By John Philip Wyllie
The road to Olympic Gold couldn’t be much tougher for Mexico’s women’s soccer team. They open on August 14 (8:00 a.m. P.S.T.) with powerful China, the runners-up in the 1999 World Cup and then play current World Cup Champion Germany on August 17 (8:00 a.m. PST). They are given virtually no chance of advancing out of their three-team group by most experts, but those same experts never expected the Tricolores to even qualify for the tournament. Despite the long odds, the players are staying focused and positive.
“Since 1999, this team has become much better,” said Mexico’s captain and leading scorer, Maribel Dominguez. “Since we didn’t qualify for the (2003) World Cup, it was more important than ever that we qualified for the Olympics.”
Support for women’s soccer in Mexico is Luke warm at best. The players are very aware that their continued existence as a team is based largely upon results. Head coach Leonardo Cuellar, has done a masterful job of building Mexico, once the world’s doormat, into a highly respected team. While it is unlikely that Mexico will defeat either of the two powerhouses that await them, Germany and China cannot afford to take Dominguez and her teammates lightly.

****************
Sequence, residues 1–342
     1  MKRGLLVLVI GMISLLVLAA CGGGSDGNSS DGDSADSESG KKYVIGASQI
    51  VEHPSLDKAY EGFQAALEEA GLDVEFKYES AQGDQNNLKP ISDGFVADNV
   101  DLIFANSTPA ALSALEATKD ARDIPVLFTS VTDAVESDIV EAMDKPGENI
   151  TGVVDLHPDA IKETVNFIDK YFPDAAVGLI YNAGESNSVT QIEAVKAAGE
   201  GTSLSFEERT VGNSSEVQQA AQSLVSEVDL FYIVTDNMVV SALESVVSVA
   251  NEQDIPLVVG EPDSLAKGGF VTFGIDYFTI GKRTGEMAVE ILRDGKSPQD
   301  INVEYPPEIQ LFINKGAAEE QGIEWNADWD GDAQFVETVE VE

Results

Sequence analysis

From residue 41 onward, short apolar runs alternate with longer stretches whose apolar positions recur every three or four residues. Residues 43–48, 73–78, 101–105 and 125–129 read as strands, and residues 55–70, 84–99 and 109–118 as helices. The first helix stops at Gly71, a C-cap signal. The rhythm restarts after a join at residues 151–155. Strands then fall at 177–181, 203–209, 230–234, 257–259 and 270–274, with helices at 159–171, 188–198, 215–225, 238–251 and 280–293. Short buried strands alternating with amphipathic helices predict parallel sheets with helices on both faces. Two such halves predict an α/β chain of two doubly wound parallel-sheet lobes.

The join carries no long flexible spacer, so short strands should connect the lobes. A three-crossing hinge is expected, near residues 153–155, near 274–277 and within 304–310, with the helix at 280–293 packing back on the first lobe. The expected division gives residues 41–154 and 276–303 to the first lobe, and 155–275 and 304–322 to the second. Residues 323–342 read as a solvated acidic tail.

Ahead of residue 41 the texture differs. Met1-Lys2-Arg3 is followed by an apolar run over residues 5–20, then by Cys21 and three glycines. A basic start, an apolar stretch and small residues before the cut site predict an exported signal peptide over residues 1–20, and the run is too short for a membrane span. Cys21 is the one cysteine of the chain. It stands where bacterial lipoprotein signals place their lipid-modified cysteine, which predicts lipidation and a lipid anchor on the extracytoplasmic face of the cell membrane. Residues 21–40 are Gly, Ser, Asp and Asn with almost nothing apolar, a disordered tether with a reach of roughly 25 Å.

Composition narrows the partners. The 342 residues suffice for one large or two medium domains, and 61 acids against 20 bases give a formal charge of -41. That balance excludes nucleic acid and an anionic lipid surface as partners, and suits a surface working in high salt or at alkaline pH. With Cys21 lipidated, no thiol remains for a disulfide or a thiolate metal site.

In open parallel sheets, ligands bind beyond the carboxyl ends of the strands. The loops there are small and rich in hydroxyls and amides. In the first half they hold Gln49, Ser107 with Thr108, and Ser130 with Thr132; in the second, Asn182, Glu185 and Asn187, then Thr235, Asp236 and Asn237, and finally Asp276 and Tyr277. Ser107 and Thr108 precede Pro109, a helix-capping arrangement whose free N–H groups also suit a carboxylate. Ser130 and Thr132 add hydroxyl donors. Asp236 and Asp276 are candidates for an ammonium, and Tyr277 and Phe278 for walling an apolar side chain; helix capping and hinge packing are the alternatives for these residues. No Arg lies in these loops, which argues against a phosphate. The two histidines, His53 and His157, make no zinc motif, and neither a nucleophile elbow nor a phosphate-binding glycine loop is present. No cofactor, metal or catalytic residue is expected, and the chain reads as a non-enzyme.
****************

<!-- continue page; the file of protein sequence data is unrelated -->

“The U.S. and Canada are no longer beating us as easily as they once did,” Do-minguez said. Canada , in fact, was the team that Mexico shocked to gain admittance to its first ever women’s Olympic soccer tournament.
Just as it did in 1999, Mexico will be relying on a number of American-born players with dual-citizenship. Defender, Monica Gonzalez, like Dominguez, starred in the now defunct WUSA last year. Several others played, or are currently playing for American colleges. The only player with a local connection this time around is Chula Vista’s Lina Valderrama.
A gifted midfielder, Valderrama starred at Bonita Vista High and for the Bonita Rebels several years ago. Possessing high developed ball skills and extraordinary quickness, Valderrama has been a mainstay for Cuellar at the right flank midfield position for several years.
Valderrama and Dominguez have similar feelings about representing Mexico in international competition while honing their skills here in the U.S.
“I love my country and I intend to continue playing for Mexico,” Dominguez said. “The biggest thing I have learned while playing here is to play at a higher level of intensity. I love the idea of taking that level of intensity back to Mexico so that our team can learn to practice just as hard.”
Mexican TV will be broadcasting both of Mexico’s men’s first round Olympic soccer games. Fans of La Seleccion Femenil, however, may have to be content to read about it in the newspaper since neither of Mexico’s women’s games are currently scheduled to be broadcast.